Re: [PATCH 1/1] mm: vmstat: introducing vm counter for slowpath

From: Michal Hocko
Date: Tue Aug 11 2015 - 06:55:23 EST

On Mon 10-08-15 15:15:06, PINTU KUMAR wrote:
> > > Regarding trace points, I am not sure if we can attach counter to it.
> > > Also trace may have more over-head and requires additional configs to
> > > be enabled to debug.
> > > Mostly these configs will not be enabled by default (at least in
> > > embedded, low memory device).
> > > I found the vmstat interface more easy and useful.
> >
> > This does seem like a pretty basic and sensible thing to expose in vmstat. It
> > probably makes more sense than some of the other things we have in there.

I still fail to see what exactly this number says. The allocator
slowpath (aka __alloc_pages_slowpath) is more an organizational split
up of the code than anything that would tell us about how costly the
allocation is - e.g. zone_reclaim might happen before we enter the

> Thanks Andrew.
> Yes, as par my analysis, I feel that this is one of the useful and important
> interface.
> I added it in one of our internal product and found it to be very useful.
> Specially during shrink_memory and compact_nodes analysis I found it really
> useful.
> It helps me to prove that if higher-order pages are present, it can reduce the
> slowpath drastically.

I am not sure I understand but this is kind of obvious, no?

> Also during my ELC presentation people asked me how to monitor the slowpath
> counts.

Isn't the allocation latency a much well defined metric? What does the
slowpath without compaction/reclaim tell to user?

> > Yes, it could be a tracepoint but practically speaking, a tracepoint makes it
> > developer-only. You can ask a bug reporter or a customer "what is
> > /proc/vmstat:slowpath_entered" doing, but it's harder to ask them to set up
> > tracing.
> >
> Yes, at times tracing are painful to analyze.
> Also, in commercial user binaries, most of tracing support are disabled (with no
> root privileges).
> However, /proc/vmstat works with normal user binaries.
> When memory issues are reported, we just get log dumps and few interfaces like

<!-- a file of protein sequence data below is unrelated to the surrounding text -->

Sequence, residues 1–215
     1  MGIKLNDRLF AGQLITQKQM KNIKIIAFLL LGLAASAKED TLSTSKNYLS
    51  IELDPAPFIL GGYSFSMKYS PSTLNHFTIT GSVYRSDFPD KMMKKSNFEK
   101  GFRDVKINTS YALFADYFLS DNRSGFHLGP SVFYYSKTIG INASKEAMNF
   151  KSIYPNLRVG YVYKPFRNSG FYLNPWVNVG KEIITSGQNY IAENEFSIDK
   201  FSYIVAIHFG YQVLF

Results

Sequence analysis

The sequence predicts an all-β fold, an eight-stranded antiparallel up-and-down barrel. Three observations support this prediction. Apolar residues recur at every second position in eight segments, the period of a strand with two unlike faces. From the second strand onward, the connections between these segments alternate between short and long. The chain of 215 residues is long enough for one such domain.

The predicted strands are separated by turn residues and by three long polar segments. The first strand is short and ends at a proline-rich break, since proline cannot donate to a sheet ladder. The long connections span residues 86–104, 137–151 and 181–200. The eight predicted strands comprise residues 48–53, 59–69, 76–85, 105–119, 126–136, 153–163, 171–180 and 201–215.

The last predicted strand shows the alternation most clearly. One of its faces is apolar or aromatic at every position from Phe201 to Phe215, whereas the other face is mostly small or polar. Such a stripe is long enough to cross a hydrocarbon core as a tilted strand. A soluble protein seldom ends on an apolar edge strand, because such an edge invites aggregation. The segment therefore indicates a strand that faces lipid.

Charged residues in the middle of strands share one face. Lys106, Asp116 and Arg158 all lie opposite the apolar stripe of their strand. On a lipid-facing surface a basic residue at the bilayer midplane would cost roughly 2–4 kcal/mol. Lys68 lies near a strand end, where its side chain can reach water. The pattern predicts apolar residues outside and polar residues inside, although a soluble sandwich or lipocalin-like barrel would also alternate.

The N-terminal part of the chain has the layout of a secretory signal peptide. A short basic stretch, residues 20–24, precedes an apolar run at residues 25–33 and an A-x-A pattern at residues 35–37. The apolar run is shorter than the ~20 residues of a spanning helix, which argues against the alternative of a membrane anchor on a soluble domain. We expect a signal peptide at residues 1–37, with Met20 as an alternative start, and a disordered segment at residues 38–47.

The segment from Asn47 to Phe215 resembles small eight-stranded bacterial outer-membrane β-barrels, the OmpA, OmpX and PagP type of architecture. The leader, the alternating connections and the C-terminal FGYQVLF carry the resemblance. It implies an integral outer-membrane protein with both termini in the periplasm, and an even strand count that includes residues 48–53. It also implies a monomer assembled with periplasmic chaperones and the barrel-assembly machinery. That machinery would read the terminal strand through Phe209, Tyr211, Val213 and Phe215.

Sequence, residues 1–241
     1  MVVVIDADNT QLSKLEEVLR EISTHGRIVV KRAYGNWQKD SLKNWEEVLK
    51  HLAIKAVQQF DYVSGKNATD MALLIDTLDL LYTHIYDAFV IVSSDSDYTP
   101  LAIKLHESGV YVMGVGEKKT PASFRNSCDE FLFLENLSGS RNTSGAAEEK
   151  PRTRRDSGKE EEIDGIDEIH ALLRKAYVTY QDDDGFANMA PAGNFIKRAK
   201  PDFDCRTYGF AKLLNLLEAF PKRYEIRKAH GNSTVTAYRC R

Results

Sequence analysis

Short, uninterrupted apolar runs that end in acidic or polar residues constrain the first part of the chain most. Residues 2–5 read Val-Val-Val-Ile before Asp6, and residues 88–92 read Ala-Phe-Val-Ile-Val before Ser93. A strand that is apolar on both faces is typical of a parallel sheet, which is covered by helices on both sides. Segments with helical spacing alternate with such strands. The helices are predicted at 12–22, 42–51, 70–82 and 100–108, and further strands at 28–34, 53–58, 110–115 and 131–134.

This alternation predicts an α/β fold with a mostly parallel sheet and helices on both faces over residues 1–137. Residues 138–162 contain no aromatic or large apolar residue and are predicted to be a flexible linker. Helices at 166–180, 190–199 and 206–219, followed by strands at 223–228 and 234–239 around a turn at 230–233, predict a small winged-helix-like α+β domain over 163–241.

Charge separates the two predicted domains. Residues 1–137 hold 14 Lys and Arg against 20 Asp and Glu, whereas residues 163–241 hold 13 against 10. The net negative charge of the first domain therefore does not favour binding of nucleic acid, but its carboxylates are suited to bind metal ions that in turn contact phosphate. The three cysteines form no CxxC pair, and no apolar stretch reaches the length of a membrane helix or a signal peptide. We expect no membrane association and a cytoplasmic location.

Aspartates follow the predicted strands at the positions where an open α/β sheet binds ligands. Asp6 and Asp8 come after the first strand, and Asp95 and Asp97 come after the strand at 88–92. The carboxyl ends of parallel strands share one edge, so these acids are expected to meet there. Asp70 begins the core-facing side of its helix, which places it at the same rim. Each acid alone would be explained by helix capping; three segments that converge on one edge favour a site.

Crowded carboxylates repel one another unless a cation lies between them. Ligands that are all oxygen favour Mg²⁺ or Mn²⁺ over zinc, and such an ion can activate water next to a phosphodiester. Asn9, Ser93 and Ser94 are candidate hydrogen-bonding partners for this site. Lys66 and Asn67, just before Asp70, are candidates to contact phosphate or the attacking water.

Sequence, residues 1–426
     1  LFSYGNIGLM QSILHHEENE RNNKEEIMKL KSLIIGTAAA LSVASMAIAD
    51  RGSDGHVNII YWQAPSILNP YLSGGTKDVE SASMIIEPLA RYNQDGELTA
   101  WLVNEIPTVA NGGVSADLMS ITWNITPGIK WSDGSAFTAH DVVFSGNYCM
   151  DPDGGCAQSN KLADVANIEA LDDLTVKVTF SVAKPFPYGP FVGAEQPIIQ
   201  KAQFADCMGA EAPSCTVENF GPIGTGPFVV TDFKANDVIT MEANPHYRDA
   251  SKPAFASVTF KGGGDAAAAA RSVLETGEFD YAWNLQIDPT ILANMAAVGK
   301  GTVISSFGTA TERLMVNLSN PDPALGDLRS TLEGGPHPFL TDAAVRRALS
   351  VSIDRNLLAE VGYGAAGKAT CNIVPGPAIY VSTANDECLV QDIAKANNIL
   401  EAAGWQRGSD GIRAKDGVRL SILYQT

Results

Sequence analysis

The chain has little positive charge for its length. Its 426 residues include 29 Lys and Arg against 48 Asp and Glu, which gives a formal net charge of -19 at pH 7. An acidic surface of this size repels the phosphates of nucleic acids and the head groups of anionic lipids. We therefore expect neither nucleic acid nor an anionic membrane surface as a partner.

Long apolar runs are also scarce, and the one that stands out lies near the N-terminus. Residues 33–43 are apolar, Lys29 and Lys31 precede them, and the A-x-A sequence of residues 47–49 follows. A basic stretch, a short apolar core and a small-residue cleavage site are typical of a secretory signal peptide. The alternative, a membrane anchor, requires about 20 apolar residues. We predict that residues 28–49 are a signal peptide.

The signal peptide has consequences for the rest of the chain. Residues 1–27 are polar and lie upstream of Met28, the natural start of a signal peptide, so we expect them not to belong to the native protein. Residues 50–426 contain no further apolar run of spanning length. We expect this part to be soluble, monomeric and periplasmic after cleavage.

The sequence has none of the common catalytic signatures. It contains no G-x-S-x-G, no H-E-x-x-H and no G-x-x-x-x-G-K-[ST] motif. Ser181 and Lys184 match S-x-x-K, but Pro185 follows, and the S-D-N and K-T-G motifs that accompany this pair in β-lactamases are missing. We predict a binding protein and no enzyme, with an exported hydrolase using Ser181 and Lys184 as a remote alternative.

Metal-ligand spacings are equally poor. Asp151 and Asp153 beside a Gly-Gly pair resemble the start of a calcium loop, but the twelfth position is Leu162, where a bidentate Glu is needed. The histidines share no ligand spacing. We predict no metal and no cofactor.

> this.
> Most of the time these memory issues are hard to reproduce because it may happen
> after long usage.

Yes, I do understand that vmstat is much more convenient. No question
about that. But the counter should be generally usable.

When I see COMPACTSTALL increasing I know that the direct compaction had
to be invoked and that tells me that the system is getting fragmented
and COMPACTFAIL/COMPACTSUCCESS will tell me how successful the
compaction is.

Similarly when I see ALLOCSTALL I know that kswapd doesn't catch up and
scan/reclaim will tell me how effective it is. Snapshoting
ALLOCSTALL/time helped me to narrow down memory pressure peaks to
further investigate other counters in a more detail.

What will entered-slowpath without triggering neither compaction nor
direct reclaim tell me?


> > Two things:
> >
> > - we appear to have forgotten to document /proc/vmstat
> >
> Yes, I could not find any document on vmstat under kernel/Documentation.
> I think it's a nice think to have.
> May be, I can start this initiative to create one :)

That would be more than appreciated.

> If respective owner can update, it will be great.
> > - How does one actually use slowpath_entered? Obviously we'd like to
> > know "what proportion of allocations entered the slowpath", so we
> > calculate
> >
> > slowpath_entered/X
> >
> > how do we obtain "X"? Is it by adding up all the pgalloc_*?

It's not because pgalloc_ count number of pages while slowpath_entered
counts allocations requests.

> > If
> > so, perhaps we should really have slowpath_entered_dma,
> > slowpath_entered_dma32, ...?
> I think the slowpath for other zones may not be required.
> We just need to know how many times we entered slowpath and possibly do
> something to reduce it.
> But, I think, pgalloc_* count may also include success for fastpath.
> How I use slowpath for analysis is:
> ---------- ---------- ---------- ------------
> nr_free_pages 6726 12494 46.17%
> pgalloc_normal 985836 1549333 36.37%
> pageoutrun 2699 529 80.40%
> allocstall 298 98 67.11%
> slowpath_entered 16659 739 95.56%
> compact_stall 244 21 91.39%
> compact_fail 178 11 93.82%
> compact_success 52 7 86.54%
> The above values are from 512MB system with only NORMAL zone.
> Before, the slowpath count was 16659.
> After (memory shrinker + compaction), the slowpath reduced by 95%, for
> the same scenario.
> This is just an example.

But what additional information does it give to us? We can see that the
direct reclaim has been reduced as well as the compaction which was even
more effective so the overall memory pressure was lighter and memory
less fragmented. I assume that your test has requested the same amount
of high order allocations and pgalloc_normal much higher in the second
case suggests they were more effective but we can see that clearly even
without slowpath_entered.

So I would argue that we do not need slowpath_entered. We already have
it, even specialized depending on which _slow_ path has been executed.
What we are missing is a number of all requests to have a reasonable
base. Whether adding such a counter in the hot path is justified is a
question. I haven't really needed it so far and I am looking into vmstat
and meminfo to debug memory reclaim related issues quite often.

> If we are interested to know even allocation success/fail ratio in slowpath,
> then I think we need more counters.
> Such as; direct_reclaim_success/fail, kswapd_success/fail (just like compaction
> success/fail).
> OR, we can have pgalloc_success_fastpath counter.

This all sounds like exposing more and more details about internal
implementation. This all fits into tracepoints world IMO.

Michal Hocko
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